In February, we discussed the patent infringement case involving Vernon Hugh Bowman, a 75-year-old Indiana farmer who bought agriculture giant Monsanto’s genetically modified soybeans that were intended for animal feed from a grain elevator, planted the seeds and saved some seeds for later plantings. Monsanto requires farmers to buy a new batch every season and claimed Bowman violated the company’s patent. Bowman argued he should be able to do whatever he wanted with a product he obtained legally because of the first sale doctrine, but a lower court ruled in favor of Monsanto.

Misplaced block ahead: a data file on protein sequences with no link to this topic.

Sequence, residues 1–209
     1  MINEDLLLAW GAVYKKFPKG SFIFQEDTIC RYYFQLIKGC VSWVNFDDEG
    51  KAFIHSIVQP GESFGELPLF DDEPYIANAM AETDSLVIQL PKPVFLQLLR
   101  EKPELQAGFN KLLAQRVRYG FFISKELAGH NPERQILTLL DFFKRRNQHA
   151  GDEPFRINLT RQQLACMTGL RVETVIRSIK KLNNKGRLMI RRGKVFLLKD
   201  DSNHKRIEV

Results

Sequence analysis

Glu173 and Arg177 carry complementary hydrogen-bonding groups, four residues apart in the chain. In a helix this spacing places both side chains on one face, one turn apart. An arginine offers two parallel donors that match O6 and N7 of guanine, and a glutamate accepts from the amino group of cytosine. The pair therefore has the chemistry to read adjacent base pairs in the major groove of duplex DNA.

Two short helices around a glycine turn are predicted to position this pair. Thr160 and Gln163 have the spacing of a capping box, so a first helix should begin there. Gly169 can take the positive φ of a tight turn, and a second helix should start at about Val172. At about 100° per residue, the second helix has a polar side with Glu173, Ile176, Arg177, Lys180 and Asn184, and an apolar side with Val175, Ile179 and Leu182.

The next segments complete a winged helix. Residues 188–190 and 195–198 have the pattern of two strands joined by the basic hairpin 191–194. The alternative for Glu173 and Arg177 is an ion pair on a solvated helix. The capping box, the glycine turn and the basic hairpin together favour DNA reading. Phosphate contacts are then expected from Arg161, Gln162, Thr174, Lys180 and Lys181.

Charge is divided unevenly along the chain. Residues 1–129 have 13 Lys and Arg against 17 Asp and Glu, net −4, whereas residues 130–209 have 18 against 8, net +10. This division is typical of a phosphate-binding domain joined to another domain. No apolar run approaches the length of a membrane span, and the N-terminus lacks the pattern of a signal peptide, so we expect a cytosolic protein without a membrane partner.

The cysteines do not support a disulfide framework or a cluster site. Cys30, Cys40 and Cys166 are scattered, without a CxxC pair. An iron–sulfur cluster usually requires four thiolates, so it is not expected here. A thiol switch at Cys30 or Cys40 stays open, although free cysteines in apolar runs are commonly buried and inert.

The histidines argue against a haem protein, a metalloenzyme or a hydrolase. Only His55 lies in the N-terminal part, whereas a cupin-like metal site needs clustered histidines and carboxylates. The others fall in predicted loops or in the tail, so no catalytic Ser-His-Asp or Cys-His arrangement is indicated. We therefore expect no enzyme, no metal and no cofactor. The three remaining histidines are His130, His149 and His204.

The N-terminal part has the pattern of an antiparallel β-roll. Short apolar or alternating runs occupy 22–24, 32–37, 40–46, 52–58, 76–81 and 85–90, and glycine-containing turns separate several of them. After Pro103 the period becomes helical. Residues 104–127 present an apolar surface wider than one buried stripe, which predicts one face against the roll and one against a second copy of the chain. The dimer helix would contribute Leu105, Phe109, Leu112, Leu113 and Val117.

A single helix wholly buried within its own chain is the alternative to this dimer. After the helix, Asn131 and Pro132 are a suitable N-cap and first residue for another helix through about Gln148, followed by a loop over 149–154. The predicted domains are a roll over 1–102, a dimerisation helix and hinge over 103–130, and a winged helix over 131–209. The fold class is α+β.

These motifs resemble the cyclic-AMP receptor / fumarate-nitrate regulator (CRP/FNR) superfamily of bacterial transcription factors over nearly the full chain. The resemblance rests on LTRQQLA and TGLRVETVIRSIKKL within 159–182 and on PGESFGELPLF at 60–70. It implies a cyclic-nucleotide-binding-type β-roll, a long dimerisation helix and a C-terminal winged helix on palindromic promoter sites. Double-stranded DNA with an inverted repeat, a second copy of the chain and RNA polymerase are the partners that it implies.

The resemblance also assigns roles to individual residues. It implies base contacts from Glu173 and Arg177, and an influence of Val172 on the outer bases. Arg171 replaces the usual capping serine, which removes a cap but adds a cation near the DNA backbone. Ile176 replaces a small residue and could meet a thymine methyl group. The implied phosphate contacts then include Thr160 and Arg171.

On May 13, the US Supreme Court unanimously ruled in favor of Monsanto. While Monsanto’s lead attorney claimed the decision “provides assurance to all inventors throughout the public and private sectors that they can and should continue to invest in innovation that feeds people, improves lives, creates jobs, and allows America to keep its competitive edge,” Justice Elena Kagan wrote in speaking for the court that the decision applies only to this case. That is a very important aspect to the case because many self-replicating technologies are a major concern in patent law for a variety of industries. Marcia Coyle of the National Law Journal told the PBS NewsHour that she thought Monsanto spends “in general over a billion dollars a year in research and development,” and noted that patent law protects inventions long enough to allow companies to recoup such investments.
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Klein Trial Lawyers – Los Angeles business litigation attorneys